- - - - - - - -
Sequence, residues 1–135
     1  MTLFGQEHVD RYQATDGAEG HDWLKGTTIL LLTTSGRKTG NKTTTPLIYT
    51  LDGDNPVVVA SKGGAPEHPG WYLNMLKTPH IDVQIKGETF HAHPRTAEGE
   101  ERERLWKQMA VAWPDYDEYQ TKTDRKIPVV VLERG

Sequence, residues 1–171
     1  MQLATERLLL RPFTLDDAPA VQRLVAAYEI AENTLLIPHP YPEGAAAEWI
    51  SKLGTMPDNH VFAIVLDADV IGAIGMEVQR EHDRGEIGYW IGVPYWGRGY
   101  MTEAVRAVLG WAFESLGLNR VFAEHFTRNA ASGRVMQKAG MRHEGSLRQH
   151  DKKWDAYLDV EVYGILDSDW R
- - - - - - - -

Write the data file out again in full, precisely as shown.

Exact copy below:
Sequence, residues 1–135
     1  MTLFGQEHVD RYQATDGAEG HDWLKGTTIL LLTTSGRKTG NKTTTPLIYT
    51  LDGDNPVVVA SKGGAPEHPG WYLNMLKTPH IDVQIKGETF HAHPRTAEGE
   101  ERERLWKQMA VAWPDYDEYQ TKTDRKIPVV VLERG

Sequence, residues 1–171
     1  MQLATERLLL RPFTLDDAPA VQRLVAAYEI AENTLLIPHP YPEGAAAEWI
    51  SKLGTMPDNH VFAIVLDADV IGAIGMEVQR EHDRGEIGYW IGVPYWGRGY
   101  MTEAVRAVLG WAFESLGLNR VFAEHFTRNA ASGRVMQKAG MRHEGSLRQH
   151  DKKWDAYLDV EVYGILDSDW R